At the height of the furor over Christine Blasey Ford’s accusations against Brett Kavanaugh, the media were filled with speculation that the Supreme Court nominee might withdraw from the nomination battle.
But President Trump, and his top aides, wanted to fight back in the press and on the Hill, especially after Kavanaugh showed White House counsel Don McGahn his decades-old calendars showing he hadn’t attended a party where Ford alleged the assault had taken place.
In fact, according to a new book, Trump realized the nomination might fail in the latest #Me-Too frenzy, but if so they wanted to go down fighting.
The behind-the-scenes strategy is revealed in “Justice on Trial: The Kavanaugh Confirmation and the Future of the Supreme Court.” The authors are my colleague Mollie Hemingway, a Fox News contributor and senior editor at the Federalist, and Carrie Severino, chief counsel of the Judicial Crisis Network, which fought for the nomination. They interviewed Trump, top White House officials and several Supreme Court justices, among many others.
The book describes a central conundrum for the judge and his advocates, which is that the team “understood that any criticism of Ford would be treated as a smear” and depicted as “victim shaming.”
Although some of those who knew Ford shared details about her behavior in high school and college that were “dramatically at odds with her presentation in the media,” the book says, the Kavanaugh team decided to focus on his record and the damage to his reputation. The book touches on some of those alleged details involving Ford.
The authors are extremely critical of the coverage of the nomination drama, including in the New York Times and Washington Post, and blame in part “the media’s irrational personal dislike of Kavanaugh.”
They particularly unload on the New Yorker for publishing the allegations of Deborah Ramirez, a Yale classmate of Kavanaugh who claimed that he exposed himself to her and caused her to touch his genitals. The magazine was unable to find a corroborating witness, acknowledging that Ramirez had “significant gaps” in her memories and that it took her six days of assessing those memories and consulting with a lawyer to name Kavanaugh. He flatly denied the allegations.
Soon afterward, Michael Avenatti, the lawyer now facing criminal charges in three cases, produced an affidavit from another accuser, Julie Swetnick. She claimed to have attended more than 10 house parties in the early 1980s at which Kavanaugh and a friend became inebriated and sexually assaulted women, and got them drunk so they could be gang-raped.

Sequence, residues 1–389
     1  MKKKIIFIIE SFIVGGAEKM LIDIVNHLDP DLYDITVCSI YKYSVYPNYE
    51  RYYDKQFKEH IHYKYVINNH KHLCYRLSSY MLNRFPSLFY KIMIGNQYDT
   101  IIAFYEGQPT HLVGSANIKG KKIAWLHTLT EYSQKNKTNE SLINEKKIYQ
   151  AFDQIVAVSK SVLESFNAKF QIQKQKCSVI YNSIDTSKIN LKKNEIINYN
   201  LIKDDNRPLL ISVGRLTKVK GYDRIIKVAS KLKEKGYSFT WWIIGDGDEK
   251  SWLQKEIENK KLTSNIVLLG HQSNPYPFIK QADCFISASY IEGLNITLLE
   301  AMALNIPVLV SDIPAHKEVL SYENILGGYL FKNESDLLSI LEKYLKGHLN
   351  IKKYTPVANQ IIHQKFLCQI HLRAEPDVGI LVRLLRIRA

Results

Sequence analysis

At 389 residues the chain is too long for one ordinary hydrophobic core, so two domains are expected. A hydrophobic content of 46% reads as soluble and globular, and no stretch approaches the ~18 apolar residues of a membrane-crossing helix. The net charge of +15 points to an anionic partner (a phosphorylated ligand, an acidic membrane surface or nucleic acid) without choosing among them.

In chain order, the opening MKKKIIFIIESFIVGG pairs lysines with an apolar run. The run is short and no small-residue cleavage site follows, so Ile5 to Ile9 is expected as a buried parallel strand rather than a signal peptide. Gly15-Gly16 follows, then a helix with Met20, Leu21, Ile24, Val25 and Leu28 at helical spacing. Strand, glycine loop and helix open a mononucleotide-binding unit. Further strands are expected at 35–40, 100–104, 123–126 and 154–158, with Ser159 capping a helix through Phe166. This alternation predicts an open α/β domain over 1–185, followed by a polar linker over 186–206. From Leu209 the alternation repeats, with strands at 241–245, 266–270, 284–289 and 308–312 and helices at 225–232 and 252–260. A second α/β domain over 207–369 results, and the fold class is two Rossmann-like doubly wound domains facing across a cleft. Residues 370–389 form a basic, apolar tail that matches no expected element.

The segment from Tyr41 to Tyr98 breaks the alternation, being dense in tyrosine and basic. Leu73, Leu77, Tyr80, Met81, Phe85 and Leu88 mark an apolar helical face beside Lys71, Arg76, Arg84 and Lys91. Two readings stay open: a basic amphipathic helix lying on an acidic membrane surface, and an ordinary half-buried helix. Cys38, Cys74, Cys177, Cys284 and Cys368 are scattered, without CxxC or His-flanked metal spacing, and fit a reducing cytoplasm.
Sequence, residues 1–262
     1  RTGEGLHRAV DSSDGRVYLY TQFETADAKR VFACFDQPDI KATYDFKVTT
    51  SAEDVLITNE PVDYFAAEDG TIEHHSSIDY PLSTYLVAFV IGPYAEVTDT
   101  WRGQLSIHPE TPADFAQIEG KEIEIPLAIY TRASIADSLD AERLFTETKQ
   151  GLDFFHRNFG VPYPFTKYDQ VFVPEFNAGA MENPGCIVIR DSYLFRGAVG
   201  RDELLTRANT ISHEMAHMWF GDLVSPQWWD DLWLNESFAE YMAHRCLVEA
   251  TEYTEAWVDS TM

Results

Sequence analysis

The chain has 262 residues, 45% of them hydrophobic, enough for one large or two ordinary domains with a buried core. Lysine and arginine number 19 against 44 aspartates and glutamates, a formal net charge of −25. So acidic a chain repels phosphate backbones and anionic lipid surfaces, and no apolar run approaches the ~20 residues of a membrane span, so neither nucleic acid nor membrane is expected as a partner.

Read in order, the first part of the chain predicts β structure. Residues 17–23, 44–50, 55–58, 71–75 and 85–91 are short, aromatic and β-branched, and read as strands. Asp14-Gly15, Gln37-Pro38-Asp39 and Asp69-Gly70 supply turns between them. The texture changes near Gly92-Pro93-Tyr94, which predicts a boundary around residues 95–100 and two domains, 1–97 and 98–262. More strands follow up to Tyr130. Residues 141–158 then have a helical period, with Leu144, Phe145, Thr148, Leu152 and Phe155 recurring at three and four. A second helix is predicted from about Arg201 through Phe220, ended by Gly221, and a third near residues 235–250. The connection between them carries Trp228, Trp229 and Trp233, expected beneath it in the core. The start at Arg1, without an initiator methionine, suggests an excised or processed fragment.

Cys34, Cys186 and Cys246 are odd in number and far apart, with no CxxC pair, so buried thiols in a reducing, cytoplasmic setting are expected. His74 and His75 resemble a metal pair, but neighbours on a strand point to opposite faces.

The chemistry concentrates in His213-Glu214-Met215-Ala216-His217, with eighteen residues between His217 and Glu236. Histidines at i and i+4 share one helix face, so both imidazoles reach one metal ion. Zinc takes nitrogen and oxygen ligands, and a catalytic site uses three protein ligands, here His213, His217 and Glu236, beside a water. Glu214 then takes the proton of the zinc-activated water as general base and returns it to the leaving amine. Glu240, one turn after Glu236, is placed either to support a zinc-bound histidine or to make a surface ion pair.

Hemingway and Severino call the allegations “obviously ridiculous,” saying “no one could have hidden such crimes for decades, much less a man who went on to hold high-profile positions in the White House and then became a judge on the second-most prominent federal court.” Kavanaugh said the charges were from “the Twilight Zone.”
When NBC’s Kate Snow interviewed Swetnick, the network acknowledged that some of her comments on camera “differ from her written statement last week.” Swetnick backed off from saying Kavanaugh had spiked the punch, recalling only that he had handed out the punch. More important, she dropped her claim that Kavanaugh was present at her rape, saying only that she had seen him earlier at the same party.
“Despite Swetnick’s obvious credibility problems, many in the media continued to air her accusations,” the book says.
There was more: Avenatti gave NBC the name of a secret supporting witness, but refused to share it with the Senate Judiciary Committee. But when the woman totally undercut Swetnick’s account—blaming Avenatti for twisting her words—the network sat on the story for awhile.
The authors, who obviously write from a conservative perspective, offer many examples of what they call “the media’s irrational personal dislike of Kavanaugh.” The Times published a story co-authored by Emily Bazelon, who had already announced her opposition to Kavanaugh, saying that in college he was involved in a bar fight that involved throwing ice. (The paper admitted Bazelon was not a newsroom reporter and should not have been used on the story.) In a USA Today column, Erik Brady said Kavanaugh should give up his school coaching duties because “credibly accused sex offenders” should “stay off basketball courts for now when kids are around.”
The judge’s staunchest supporter was his wife Ashley, who had prayed that her husband wouldn’t get the nomination. Ashley sustained herself through the ordeal by praying regularly and studying the Bible.
When Sen. Susan Collins, a key swing vote, gave a lengthy speech saying she would vote to confirm Kavanaugh, Ashley made an emotional call to her husband and told him to watch it. Kavanaugh, who knew that it would have been easier politically for the senator not to support him, texted her a message of thanks and promised that he would not disappoint her.